(More here.)

How We Learned to Kill


The voice on the other end of the radio said: “There are two people digging by the side of the road. Can we shoot them?”

It was the middle of the night during my first week in Afghanistan in 2010, on the northern edge of American operations in Helmand Province, and they were directing the question to me. Were the men in their sights irrigating their farmland or planting a roadside bomb? The Marines reported seeing them digging and what appeared to be packages in their possession. Farmers in the valley work from sunrise to sundown, and seeing anyone out after dark was largely unheard-of.

My initial reaction was to ask the question to someone higher up the chain of command. I looked around our combat operations center for someone more senior and all I saw were young Marines looking back at me to see what I would do.

I wanted confirmation from a higher authority to do the abhorrent, something I’d spent my entire life believing was evil. With no higher power around, I realized it was my role as an officer to provide that validation to the Marine on the other end who would pull the trigger.

(More here.)

The Silk Road might have started as a libertarian experiment …

… but it was doomed to end as a fiefdom run by pirate kings

by Henry Farrell, Aeon

Henry Farrell is an associate professor of political science and international affairs at George Washington University. His latest book is The Political Economy of Trust (2009).

The Hidden Wiki holds the keys to a secret internet. To reach it, you need a special browser that can access ‘Tor Hidden Services’ – websites that have chosen to obscure their physical location. But even this browser isn’t enough. Like the Isla de Muerta in the film Pirates of the Caribbean, the landmarks of this hidden internet can be discovered only by those who already know where they are.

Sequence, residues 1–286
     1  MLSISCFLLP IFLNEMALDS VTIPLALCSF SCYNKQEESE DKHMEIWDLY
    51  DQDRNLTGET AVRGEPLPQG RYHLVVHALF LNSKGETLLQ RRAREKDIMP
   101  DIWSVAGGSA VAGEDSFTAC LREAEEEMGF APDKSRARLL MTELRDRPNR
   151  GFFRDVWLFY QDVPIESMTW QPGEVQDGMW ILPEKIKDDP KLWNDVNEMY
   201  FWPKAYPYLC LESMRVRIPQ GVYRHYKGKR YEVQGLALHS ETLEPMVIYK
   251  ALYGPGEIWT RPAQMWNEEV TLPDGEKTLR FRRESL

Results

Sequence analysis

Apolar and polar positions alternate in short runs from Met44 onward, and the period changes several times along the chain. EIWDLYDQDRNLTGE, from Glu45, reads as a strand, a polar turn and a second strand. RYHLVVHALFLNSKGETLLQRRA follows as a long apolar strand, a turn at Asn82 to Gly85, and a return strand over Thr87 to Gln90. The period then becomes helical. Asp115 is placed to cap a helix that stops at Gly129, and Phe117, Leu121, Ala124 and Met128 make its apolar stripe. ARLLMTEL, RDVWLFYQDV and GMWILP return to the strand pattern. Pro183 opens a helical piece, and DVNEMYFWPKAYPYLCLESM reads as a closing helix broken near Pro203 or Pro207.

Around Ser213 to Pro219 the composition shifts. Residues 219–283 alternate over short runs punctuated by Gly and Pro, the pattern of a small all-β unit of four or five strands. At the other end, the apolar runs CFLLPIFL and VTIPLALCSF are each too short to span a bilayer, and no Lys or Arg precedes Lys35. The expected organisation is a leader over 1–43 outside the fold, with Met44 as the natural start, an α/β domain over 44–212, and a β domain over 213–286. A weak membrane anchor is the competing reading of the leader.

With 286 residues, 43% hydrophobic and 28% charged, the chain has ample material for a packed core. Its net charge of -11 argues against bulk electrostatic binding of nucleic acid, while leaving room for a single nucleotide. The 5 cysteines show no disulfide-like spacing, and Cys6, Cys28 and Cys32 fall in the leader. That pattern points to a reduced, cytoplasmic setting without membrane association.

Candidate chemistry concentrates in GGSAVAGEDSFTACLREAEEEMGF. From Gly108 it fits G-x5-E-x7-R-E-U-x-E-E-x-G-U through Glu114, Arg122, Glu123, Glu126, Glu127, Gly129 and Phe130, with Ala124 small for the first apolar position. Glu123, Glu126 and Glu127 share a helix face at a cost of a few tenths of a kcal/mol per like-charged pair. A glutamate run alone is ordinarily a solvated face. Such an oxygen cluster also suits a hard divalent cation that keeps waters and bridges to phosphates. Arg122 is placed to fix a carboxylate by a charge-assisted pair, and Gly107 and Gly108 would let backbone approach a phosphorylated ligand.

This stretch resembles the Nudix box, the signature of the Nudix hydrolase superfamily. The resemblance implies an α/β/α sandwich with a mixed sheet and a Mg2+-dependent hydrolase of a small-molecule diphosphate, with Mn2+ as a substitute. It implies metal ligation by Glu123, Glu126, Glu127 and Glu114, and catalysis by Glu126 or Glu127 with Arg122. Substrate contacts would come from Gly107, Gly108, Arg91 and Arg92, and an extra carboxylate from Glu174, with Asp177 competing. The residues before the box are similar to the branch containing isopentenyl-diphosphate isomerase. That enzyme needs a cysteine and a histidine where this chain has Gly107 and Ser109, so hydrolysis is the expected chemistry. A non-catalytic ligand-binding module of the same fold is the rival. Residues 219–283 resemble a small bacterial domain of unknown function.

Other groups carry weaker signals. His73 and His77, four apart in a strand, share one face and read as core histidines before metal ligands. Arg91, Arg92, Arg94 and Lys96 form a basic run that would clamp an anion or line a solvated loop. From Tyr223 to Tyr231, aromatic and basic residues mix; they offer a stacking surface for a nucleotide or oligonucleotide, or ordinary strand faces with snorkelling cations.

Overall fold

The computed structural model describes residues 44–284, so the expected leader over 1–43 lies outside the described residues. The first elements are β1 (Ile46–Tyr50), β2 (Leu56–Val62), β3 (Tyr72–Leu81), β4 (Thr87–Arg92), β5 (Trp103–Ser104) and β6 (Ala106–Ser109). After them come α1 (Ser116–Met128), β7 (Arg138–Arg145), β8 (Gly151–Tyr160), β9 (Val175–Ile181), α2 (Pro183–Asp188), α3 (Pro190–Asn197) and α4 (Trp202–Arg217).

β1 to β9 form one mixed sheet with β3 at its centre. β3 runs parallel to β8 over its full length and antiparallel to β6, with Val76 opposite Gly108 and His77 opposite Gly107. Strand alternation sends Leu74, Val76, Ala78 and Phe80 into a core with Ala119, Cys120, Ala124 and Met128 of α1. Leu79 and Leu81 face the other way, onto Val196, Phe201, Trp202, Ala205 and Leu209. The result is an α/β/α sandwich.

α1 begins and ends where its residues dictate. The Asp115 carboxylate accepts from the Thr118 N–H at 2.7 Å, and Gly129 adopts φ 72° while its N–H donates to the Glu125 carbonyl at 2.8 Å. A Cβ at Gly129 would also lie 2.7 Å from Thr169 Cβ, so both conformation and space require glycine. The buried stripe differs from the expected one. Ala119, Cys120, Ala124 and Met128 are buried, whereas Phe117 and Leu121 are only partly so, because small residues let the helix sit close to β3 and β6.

Sites such as the Hidden Wiki provide unreliable treasure maps. They publish lists of the special addresses for sites where you can use Bitcoin to buy drugs or stolen credit card numbers, play strange games, or simply talk, perhaps on subjects too delicate for the open web. The lists are often untrustworthy. Sometimes the addresses are out-of-date. Sometimes they are actively deceptive. One link might lead to a thriving marketplace for buying and selling stolen data; another, to a wrecker’s display of false lights, a cloned site designed to relieve you of your coin and give you nothing in return.


To this end, entrepreneurs have found it necessary to create and maintain communities, making rules, enforcing them, punishing rule-breakers, and turning towards violence when all else fails. They have, in effect, built petty versions of the very governments they are fleeing. As the US sociologist Charles Tilly argued, the modern state began as a protection racket, offering its subjects protection against outsiders and each other. The same logic is playing out today on the hidden internet, as would-be petty barons and pirate kings fight to tax and police their subjects while defending themselves against hostile incursions.

No entrepreneur of trust was more successful than the Texan Ross Ulbricht, who, under his ‘Dread Pirate Roberts’ pseudonym, founded and ran the notorious Silk Road marketplace for drugs and other contraband. And no-one better exemplifies how the libertarian dream of freedom from the state turned sour.